Too bad the ND G&F department could not purchase this ranch. 9,000 continuous or semi-continuous acres could offer a lot of room for many hunters. Similar to Lonetree or Heart Butte GMA.
 

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I am trying to follow what you are saying but I don't understand your last message.

Are you trying to say that the problem is ads in magaziines by realtors? Or are you saying the problem is real estate brokers trying to maxamize the price the seller receives?

You mention that a few years back the prices were acceptable. Are you saying that this is not a problem if the prices are acceptable?

Anyone contacting a real estate broker cannot buy land unless there is someone willing to sell land. A real estate transaction cannot take place unless there is a "willing buyer" and a "willing seller".

I agree that it is too bad that the NDG&F department cannot buy land. This would make an excellent purchase. :
 

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Discussion Starter · #10 ·
Seller can and should always be able to sell to the highest bidder. I agree that is capitalism.

Nonresident ownership is typically resented by local people whether it is ND farm land or the Japanese buying up Oregon and Washington forest land or Ted Turner buying 100K acre ranches in Montana or New Mexico.

The glossy half-page land simply attempts to escalate the land prices in that area of ND. Mresner stated a few months before that younger farmers or ranchers in SW ND could not compete with this new money.

In many areas of ND the land prices are now based upon the apparent recreational value of the land and no longer based upon the sustainable agricultural value of the land.

So if hunting land is more valuable than grazing land or general farm land the county tax assessor should

1) tax areas with wetlands higher not lower than surrounding agricultural crop land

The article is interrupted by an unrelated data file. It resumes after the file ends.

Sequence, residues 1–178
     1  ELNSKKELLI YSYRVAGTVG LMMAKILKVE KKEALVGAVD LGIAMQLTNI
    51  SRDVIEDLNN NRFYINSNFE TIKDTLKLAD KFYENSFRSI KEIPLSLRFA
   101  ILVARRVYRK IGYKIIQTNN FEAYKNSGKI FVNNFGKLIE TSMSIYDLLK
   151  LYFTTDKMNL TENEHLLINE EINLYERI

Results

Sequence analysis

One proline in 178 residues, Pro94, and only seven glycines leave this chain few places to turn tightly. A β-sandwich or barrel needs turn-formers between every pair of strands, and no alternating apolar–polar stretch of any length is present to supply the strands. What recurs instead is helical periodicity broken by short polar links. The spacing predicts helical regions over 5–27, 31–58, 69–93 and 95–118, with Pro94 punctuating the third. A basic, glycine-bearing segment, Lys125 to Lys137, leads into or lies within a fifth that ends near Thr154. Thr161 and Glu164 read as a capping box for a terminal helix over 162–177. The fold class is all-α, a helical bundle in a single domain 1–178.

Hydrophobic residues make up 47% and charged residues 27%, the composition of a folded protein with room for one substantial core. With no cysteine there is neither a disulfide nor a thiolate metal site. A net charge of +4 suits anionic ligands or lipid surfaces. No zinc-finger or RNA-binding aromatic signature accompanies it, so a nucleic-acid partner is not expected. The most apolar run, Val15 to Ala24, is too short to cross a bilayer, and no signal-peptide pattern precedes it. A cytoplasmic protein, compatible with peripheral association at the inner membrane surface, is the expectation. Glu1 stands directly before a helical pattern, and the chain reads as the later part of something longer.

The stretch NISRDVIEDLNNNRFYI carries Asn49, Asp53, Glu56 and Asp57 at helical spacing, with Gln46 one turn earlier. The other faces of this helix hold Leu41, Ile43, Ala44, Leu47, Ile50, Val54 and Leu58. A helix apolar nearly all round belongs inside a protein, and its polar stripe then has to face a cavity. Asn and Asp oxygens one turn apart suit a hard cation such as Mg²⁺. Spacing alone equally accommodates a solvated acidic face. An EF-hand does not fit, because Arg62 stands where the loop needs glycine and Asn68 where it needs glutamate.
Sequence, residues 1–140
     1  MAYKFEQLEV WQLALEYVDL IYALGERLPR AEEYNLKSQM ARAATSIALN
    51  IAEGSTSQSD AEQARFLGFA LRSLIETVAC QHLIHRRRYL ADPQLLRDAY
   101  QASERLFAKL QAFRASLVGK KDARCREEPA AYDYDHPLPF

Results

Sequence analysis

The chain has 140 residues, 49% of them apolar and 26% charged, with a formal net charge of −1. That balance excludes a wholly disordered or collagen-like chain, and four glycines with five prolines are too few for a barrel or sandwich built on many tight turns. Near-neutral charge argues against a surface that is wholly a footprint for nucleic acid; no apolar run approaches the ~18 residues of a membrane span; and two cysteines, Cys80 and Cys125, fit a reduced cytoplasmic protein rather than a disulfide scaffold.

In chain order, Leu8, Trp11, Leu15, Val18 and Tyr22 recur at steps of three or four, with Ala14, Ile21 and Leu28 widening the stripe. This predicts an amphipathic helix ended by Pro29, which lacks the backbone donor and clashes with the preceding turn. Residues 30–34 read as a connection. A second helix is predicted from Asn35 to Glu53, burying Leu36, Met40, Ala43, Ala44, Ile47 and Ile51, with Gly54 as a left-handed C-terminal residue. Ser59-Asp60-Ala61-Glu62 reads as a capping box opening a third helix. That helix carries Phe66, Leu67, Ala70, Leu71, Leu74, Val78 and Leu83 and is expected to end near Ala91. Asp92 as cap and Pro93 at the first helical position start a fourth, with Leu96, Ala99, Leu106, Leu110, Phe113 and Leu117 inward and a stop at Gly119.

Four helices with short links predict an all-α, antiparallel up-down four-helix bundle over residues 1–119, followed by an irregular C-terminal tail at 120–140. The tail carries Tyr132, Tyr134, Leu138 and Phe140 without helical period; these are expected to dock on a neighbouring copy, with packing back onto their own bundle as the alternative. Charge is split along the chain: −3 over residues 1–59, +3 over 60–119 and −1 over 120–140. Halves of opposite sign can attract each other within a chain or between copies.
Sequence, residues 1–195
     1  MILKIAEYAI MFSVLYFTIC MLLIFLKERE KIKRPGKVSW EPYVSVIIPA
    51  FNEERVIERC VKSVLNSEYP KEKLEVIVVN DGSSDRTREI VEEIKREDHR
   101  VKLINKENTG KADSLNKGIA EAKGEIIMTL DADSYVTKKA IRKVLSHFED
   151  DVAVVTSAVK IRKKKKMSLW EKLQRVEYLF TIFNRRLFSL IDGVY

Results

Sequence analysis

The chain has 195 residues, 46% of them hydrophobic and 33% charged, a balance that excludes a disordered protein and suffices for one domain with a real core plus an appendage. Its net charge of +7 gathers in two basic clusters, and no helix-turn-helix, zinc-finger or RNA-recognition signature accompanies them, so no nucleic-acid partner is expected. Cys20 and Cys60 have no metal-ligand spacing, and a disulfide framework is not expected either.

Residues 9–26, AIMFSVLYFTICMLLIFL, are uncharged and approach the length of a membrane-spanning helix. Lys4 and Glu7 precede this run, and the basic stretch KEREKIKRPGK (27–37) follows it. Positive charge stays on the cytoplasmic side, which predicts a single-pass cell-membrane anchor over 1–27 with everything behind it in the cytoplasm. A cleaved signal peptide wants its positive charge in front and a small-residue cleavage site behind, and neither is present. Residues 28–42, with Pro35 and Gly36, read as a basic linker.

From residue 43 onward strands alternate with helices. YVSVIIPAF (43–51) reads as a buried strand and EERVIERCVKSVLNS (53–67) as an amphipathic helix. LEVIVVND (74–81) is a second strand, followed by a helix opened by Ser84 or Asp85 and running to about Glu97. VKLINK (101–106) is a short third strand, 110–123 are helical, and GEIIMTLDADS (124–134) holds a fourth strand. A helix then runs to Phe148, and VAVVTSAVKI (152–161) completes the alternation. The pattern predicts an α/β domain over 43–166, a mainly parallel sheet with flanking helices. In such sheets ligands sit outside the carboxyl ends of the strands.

2) tax areas with treebelts, willow patches, and swamps higher than over grazed pasture land
3) CRP land, land that often provides poor farming quality should be heavily taxed.

Any ND game management area or Federal WPA should be assessed very high taxes due to their apparent high market value. Counties should demand payment.

This would be great (sarcastic remark). Farmers will either sell off these lands with marketable hunting land value or destroy them. All some farmers need is another incentive to drain wetlands and remove habitat that often carries wildlife through hard winters.

Is this the direction ND needs to travel to ???
 

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I saw an auction bill for the Lil Ol Hotel in Pettibone this weekend. It is going to be sold at auction as a going business with a cafe.

Anyone wanting to have their own business could give it a whirl. Should be a great opportunity with all the business us residents give them on a year round basis.
 

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:poke: I don't think it would cash flow like one of them govamint jobs in Fargo, GF, or Bismarck
 

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Prairie Hunter,
I can definintely see your logic with the revision of tax codes. It would be a hard sell to landowners, but I feel, it is a reasonable solution. You are correct in asserting that since hunting has taken off that land values in SW ND have skyrocketed. I know of a landowner in Regent who sold his family farm and got an insane amount of money for good (not great) farmland that also was decent (again, not great) hunting land.

I do have this question, if you tax the land at a higher rate and on a new scale (recreational potential), then wouldn't the landowner have to be also given the right to reep those higher rewards in the form of fee hunting. What if we did something like this:
1. Put a tax (1-2%?) onto fee hunting operations. This money would be earmarked for improving existing public lands, enforcement of hunting regulations (make sure everyone has a license, no fee hunting on public land, trespassing---this will please the landowners enormously) and the increase of public hunting land. This tax would be passed on to the hunters already paying for access similar to how airlines add taxes charged by airports and other organizations.

2. Put together requirements and licensure of all fee hunting organizations similar to how all eating establishments must be licensed. Then list all the "licensed" outfitters in ND tourism packets. Make sure that they charge sales tax and the new "hunters" tax. Require all guides to have CPR training and communication (2-way radio/cell phone) to help cope with emergencies, etc.

Rather than turning the outfitters into the enemy, why not use them to help the states economy. Approach them as business men with something to offer to everyone, offer them advantages to participating in the program instead of simply trying to restrict them.

I think it would be a harder sell to put a high tax on CRP land. The fact is it would probably be assessed on a "per acre" basis, and the per acre payment is not very high. All this would do is eliminate a lot of CRP land (at least it would be pulled out of the program).